McKENNA CUP: McGuckin hits out as red card costs Derry

Derry's Ryan Bell gets a shot away against Tyrone on Sunday.''(Photo Lorcan Doherty / Presseye.com)
Derry's Ryan Bell gets a shot away against Tyrone on Sunday.''(Photo Lorcan Doherty / Presseye.com)

Derry forward Emmett McGuckin has hit out at Tyrone substitute Cathal McCarron for the role he played in the second half incident which saw the Magherafelt player sent off in Sunday’s thrilling McKenna Cup tie at Owenbeg.

McGuckin was shown what looked a harsh second yellow card by Down referee Ciaran Branagan after appearing to be hauled to the floor by McCarron in the 42nd minute clash which saw both players booked. The Derry forward had already picked up a first half booking after a tussle with Red Hands’ full back Padraig Hampsey who was replaced by McCarron at half-time.

Derry's Oisin Duffy acomes under pressure from Tyrone's Conor Clarke.'' (Photo Lorcan Doherty / Presseye.com)

Derry's Oisin Duffy acomes under pressure from Tyrone's Conor Clarke.'' (Photo Lorcan Doherty / Presseye.com)

The dismissal proved decisive with Mickey Harte’s men eventually edging an absorbing clash by a single point but while McGuckin admits he was naive to become involved, he was far from happy with McCarron’s role in the incident.

“I thought it was harsh, especially with the circumstances of how it happened,” explained the Magherafelt player, “I would never say things about what another player did but what he did doesn’t belong on a football field. (It was the) Decisive part of the game, no doubt, and once I got sent off it put a lot of pressure on the rest of the team.

“There is not much you can do about it, you just have to get on with it and make sure it doesn’t happen again. From my own point of view, the first yellow card, again, it was nothing really but the referee is the man in charge and it’s up to him to make these decisions.

“I had my hands out as I fell but if the referee makes the decision then he makes the decision, you have to get on with it. I put the team under pressure because we went down to 14 men but I think overall, we did play some good football.”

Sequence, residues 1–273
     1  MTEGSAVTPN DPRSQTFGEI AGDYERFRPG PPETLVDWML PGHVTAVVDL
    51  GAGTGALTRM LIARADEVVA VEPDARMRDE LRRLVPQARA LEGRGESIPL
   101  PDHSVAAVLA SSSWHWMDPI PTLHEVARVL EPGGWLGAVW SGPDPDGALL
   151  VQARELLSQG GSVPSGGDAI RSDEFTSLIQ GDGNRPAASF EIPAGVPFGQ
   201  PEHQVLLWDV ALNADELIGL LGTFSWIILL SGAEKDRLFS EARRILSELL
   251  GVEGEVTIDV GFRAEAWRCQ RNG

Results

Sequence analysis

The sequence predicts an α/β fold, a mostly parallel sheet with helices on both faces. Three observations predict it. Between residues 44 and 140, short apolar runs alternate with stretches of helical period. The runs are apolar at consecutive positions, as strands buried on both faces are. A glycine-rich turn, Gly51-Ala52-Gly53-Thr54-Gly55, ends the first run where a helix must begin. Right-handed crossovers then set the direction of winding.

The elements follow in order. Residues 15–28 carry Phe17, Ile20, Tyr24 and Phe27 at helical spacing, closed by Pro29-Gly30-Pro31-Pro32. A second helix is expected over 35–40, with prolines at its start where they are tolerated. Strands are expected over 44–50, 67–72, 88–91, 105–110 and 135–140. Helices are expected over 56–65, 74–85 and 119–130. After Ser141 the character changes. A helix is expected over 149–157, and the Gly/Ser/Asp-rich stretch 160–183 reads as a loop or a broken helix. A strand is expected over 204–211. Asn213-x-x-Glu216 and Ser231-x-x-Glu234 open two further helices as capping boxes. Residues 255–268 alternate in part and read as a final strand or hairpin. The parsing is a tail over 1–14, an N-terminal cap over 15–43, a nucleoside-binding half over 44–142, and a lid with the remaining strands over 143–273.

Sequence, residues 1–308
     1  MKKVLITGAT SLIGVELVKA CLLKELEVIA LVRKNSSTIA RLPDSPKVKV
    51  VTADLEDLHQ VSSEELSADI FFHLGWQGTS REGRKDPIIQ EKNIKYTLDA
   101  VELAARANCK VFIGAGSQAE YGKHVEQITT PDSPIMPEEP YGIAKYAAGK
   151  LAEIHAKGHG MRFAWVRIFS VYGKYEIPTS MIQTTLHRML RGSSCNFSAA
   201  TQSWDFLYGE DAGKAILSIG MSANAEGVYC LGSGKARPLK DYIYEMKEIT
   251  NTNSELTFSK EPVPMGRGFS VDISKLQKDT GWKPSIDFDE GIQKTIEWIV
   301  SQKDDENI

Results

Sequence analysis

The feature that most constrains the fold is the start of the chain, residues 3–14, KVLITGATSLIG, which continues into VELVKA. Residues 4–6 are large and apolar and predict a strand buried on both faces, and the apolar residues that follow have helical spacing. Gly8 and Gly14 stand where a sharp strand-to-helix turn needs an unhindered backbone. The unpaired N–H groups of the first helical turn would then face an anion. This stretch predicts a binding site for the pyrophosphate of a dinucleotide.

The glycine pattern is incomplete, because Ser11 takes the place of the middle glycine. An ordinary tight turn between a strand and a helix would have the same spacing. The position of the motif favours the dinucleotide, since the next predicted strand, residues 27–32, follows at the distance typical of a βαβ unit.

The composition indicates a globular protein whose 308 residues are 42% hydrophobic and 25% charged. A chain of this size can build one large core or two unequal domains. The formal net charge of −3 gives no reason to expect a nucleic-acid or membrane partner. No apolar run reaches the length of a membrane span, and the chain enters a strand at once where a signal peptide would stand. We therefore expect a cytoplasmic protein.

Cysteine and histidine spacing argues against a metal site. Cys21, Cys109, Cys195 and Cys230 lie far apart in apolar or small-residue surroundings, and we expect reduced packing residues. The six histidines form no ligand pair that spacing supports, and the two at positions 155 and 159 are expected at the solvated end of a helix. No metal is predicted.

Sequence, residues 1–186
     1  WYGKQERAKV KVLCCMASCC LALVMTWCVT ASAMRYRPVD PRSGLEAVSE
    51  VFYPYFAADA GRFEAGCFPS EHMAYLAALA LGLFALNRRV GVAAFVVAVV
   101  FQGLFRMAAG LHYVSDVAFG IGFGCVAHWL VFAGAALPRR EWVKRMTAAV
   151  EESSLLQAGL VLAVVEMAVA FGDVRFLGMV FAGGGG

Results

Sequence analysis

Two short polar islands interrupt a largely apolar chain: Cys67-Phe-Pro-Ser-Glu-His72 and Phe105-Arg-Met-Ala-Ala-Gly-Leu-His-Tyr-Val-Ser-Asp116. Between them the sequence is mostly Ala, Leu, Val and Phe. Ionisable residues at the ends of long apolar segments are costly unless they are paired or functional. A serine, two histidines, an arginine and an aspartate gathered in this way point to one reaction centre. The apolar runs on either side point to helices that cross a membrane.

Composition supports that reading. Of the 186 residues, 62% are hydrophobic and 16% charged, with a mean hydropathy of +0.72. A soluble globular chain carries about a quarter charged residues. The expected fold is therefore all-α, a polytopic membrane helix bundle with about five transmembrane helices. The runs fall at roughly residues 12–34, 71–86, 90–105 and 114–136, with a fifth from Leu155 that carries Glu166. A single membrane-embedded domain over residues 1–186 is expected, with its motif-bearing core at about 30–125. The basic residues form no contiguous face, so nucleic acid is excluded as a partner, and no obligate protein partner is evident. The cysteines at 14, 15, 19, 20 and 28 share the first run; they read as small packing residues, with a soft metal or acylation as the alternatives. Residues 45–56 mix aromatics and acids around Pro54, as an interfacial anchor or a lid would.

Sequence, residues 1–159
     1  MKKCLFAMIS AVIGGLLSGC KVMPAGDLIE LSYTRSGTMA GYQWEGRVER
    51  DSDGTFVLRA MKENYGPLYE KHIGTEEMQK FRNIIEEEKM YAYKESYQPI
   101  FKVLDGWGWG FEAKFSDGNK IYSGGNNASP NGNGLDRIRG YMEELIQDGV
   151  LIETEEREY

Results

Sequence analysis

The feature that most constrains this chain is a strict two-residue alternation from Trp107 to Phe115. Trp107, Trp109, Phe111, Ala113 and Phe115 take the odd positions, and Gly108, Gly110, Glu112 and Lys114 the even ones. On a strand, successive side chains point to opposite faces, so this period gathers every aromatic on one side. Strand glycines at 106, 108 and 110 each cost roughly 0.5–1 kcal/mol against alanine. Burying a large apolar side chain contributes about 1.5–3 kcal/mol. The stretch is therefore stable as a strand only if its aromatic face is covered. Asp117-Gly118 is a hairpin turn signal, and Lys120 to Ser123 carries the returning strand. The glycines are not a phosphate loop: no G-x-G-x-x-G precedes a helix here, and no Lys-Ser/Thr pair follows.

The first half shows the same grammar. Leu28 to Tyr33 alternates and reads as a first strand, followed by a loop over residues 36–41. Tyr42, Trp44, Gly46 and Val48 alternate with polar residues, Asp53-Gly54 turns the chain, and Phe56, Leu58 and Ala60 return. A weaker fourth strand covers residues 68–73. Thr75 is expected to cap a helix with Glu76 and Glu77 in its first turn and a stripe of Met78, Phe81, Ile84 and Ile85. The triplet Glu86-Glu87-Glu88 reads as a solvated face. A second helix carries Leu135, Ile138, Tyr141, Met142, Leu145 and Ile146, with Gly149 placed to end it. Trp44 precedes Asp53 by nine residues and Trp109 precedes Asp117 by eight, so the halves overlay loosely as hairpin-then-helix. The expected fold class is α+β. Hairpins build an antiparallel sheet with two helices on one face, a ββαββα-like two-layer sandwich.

A disgruntled Emmett McGuckin makes his way off the Owenbeg pitch after receiving a second yellow card against Tyrone on Saturday. (Photo Lorcan Doherty / Presseye.com)

A disgruntled Emmett McGuckin makes his way off the Owenbeg pitch after receiving a second yellow card against Tyrone on Saturday. (Photo Lorcan Doherty / Presseye.com)

Following a superb display against Antrim, McGuckin was enjoying another excellent game at full-forward and proving a real handful for the Tyrone full back line before his dismissal which he has vowed to learn from.

“With any full forward line, you are going to get ‘sticky’ markers and everybody knows if a corner-back gets a yellow card it’s going to be hard for them to play on so I don’t know if I was a danger man or if it was more a case of Hampsey was on a yellow card and had to be brought off.

“Look, it’s part of the game and you have to learn to live with it. Maybe, I need to learn to react better.”

The controversy somewhat overshadowed a superb game which was in the balance right until the final whistle.

Derry manager Damian Barton shuffled his pack from the victory over Antrim with eight changes to the starting 15 as Ryan Ferris, Christopher ‘Sammy’ Bradley and Conor Murphy were given a chance to impress.

And they did, especially in a first half where Derry played some delightful football. With McGuckin and Ryan Bell again pushed into a two man full-forward line, Conor Murphy was deployed deep and Tyrone spent much of the opening half trying to find the Dungiven player who ghosted between lines to great effect.